North Central Business Journal News
(May 2000 issue)
by Sandra Kay Neal, Ph.D.
Culture is the subtle, difficult-to-describe underpinning of how we
behave and think. An analogy for culture is the musical key.
The musical key provides expectations of what notes fit together as well
as the progression of notes within a piece of music. The same is
true of culture. Culture provides those who live within it an expectation
of what behaviors and thoughts are “normal”.
Culture is acquired through observational learning tactics.
We are surrounded by this culture from the time of our birth. We
learn the expectations and thought patterns by watching others. Most
of culture involves nonverbal behaviors. This is what makes describing
a culture so difficult. The basic rules by which we live are beyond
articulation. Because we learn culture before we begin talking, most
of us are unable to explain what we are doing.
Culture provides the filter through which we perceive everything
that happens around us. It is impossible to be culture neutral.
The best we can be is culture-sensitive. This is where cross-cultural
training comes in.
As companies continue to do business outside their own cultural
niche, they are thrust into situations which are at best confusing and
may often be disastrous financially. Cross-cultural training sensitizes
people to the subtle differences found in other cultures. Cross-cultural
training enables companies to behave appropriately when interacting with
others to reduce offense and confusion. It requires more than learning
how to translate English into another language.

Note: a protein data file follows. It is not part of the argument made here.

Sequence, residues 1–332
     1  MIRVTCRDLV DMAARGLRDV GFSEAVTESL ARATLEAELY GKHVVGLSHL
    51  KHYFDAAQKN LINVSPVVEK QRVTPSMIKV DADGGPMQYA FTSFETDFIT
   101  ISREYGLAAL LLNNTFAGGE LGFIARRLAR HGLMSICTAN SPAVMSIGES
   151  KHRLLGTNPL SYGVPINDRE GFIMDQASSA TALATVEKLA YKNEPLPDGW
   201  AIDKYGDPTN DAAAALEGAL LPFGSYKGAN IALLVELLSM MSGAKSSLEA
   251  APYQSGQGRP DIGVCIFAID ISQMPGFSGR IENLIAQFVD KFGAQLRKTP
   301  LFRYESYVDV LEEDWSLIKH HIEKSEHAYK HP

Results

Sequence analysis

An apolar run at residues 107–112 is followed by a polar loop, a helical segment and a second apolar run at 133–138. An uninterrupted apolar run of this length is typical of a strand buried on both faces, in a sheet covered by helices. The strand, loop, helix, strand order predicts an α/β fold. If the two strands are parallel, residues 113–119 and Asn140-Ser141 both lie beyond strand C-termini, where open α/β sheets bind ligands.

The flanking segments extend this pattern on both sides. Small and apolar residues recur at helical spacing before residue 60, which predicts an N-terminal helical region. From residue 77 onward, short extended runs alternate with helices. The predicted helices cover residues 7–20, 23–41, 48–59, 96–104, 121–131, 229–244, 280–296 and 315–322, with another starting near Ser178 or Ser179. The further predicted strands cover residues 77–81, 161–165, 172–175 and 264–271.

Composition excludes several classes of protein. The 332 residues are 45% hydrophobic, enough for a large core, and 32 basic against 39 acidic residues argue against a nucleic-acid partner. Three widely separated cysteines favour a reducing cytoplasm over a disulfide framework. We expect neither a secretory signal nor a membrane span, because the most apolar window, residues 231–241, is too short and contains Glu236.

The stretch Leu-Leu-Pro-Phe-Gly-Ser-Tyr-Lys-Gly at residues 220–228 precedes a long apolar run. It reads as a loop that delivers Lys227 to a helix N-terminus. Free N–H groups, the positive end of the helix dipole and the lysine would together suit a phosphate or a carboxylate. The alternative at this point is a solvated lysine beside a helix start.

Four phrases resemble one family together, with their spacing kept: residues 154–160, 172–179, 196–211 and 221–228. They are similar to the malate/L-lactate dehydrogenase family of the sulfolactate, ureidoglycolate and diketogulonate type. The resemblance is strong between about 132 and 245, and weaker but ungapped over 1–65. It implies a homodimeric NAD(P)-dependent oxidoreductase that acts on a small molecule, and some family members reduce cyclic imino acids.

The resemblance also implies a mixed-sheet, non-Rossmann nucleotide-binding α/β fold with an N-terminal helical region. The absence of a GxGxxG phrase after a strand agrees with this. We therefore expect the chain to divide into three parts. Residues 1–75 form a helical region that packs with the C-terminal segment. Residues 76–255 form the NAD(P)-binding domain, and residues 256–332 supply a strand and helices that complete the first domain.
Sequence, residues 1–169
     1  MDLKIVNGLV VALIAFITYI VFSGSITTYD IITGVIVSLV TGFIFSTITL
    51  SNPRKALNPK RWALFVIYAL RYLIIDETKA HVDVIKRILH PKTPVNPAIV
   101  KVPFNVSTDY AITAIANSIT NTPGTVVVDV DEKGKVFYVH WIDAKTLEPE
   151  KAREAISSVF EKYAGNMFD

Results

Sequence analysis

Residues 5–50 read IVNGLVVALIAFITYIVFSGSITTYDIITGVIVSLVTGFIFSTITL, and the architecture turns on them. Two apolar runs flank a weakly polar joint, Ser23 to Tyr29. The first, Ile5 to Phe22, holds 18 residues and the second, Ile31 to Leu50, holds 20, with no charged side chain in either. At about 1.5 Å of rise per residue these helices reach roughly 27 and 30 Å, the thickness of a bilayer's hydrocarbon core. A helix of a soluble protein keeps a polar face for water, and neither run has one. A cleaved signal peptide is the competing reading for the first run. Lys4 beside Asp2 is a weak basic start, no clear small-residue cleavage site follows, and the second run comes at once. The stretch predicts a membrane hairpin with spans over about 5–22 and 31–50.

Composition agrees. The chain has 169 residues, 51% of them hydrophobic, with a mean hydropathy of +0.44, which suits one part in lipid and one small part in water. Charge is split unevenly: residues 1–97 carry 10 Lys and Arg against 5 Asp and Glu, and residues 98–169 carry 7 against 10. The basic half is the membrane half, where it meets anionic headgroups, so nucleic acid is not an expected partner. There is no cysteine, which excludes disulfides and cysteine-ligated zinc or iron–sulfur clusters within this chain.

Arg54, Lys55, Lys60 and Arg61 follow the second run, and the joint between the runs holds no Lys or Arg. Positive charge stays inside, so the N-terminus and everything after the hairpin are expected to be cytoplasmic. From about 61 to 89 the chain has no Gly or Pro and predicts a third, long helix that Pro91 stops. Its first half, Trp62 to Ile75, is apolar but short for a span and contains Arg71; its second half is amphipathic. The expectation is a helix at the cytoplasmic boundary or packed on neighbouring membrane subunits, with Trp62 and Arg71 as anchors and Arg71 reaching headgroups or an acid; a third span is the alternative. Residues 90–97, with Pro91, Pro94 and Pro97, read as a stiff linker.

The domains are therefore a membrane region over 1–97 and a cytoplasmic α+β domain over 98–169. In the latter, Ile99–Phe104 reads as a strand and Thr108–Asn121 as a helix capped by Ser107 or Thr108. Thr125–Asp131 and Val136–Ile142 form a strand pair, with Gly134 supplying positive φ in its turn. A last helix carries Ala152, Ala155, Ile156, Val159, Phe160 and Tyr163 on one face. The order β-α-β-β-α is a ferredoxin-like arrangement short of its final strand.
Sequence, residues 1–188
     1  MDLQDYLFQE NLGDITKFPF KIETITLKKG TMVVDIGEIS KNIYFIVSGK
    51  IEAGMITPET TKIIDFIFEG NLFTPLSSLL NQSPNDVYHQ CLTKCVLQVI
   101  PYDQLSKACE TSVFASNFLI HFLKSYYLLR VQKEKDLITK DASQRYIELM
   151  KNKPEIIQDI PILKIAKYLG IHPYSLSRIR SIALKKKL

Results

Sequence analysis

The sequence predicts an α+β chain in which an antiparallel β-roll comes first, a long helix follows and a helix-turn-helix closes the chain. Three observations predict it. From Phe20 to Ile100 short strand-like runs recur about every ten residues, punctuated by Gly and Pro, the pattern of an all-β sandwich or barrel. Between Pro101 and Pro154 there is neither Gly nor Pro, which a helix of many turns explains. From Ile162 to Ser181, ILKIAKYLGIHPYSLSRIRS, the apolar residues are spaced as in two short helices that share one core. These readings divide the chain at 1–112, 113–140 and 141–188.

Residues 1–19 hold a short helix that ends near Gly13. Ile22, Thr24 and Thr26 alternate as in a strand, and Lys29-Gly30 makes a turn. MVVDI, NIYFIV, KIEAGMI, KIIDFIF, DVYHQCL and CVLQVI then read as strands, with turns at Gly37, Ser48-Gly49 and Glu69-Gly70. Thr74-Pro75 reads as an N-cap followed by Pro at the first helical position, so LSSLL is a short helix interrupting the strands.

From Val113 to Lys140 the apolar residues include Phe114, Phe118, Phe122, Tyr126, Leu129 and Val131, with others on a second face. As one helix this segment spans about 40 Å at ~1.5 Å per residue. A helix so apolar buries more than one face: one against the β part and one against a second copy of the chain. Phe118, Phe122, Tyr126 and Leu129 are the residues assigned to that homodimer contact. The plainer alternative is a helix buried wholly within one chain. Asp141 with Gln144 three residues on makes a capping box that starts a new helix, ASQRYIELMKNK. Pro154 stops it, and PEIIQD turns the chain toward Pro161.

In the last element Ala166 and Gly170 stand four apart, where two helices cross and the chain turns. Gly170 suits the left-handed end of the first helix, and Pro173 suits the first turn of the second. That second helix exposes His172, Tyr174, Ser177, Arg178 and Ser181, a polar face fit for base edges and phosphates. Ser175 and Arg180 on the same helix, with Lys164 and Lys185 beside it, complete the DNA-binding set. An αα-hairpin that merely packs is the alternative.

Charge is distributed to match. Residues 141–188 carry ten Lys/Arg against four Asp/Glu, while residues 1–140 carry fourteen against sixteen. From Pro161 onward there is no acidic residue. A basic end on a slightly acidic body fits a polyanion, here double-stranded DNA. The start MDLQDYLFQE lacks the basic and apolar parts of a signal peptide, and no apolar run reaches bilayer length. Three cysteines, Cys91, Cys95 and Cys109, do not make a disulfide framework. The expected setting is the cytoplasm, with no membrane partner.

Most companies engaged in transnational business need to train
all employees who come in contact with people from another culture, including
the executives, the sales representatives, the purchasing agents, and the
telephone receptionists. Not only do these people need
to learn the language of these clients or suppliers, they also need to
discover how these people behave and think. Otherwise, miscommunication
Cross-cultural training is also needed whenever companies employ
people from different cultures. Intracompany conflict often
occurs when co-workers come from different cultural traditions. Because
culture involves the tacit rules about thinking patterns and “natural”
behaviors, there are likely to be subtle distinctions among co-workers
about appropriate reactions to situations. When these are not addressed
explicitly, the resultant confusion and irritation can fester into tension.
Supervisors of multi-cultural work forces also need cross-cultural training
to help them distinguish between inadequate performance and cultural differences,
as well as discover useful ways of motivating and correcting their employees.
Choosing a cross-cultural trainer is an important step for a company.
The cost of good training will be offset by increased business.
Inexpensive, generic training programs are virtually worthless. The
training program needs to be customized for both the company and the particular
culture with which it is interacting.
There are a variety of training companies who specialize in cross-cultural
training. The trick is to find one that can utilize the appropriate
training tactics for your company. Advanced planning will reduce
the cost of mistakes, enhancing the company’s ability to do business effectively
across cultures. Cross-cultural training is best handled by someone
both experienced in the ways in which adults learn as well as knowledgeable
about the nuances of a particular culture. Company executives
can increase the likelihood of finding the right training organization
by first determining what training is actually needed, which employees
need to receive it, and how those employees will best learn.
Executives are then able to compare training organizations on those factors
rather than being swept away by gimmicks or blinded by financial considerations.
Sandra Kay Neal holds a Ph.D. in Industrial/Organizational
Psychology and has 19 years experience helping organizations solve human
resource issues.. Her company, Synergistic Organizational Solutions, specializes
in aiding small businesses. Dr. Neal can be reached at firstname.lastname@example.org.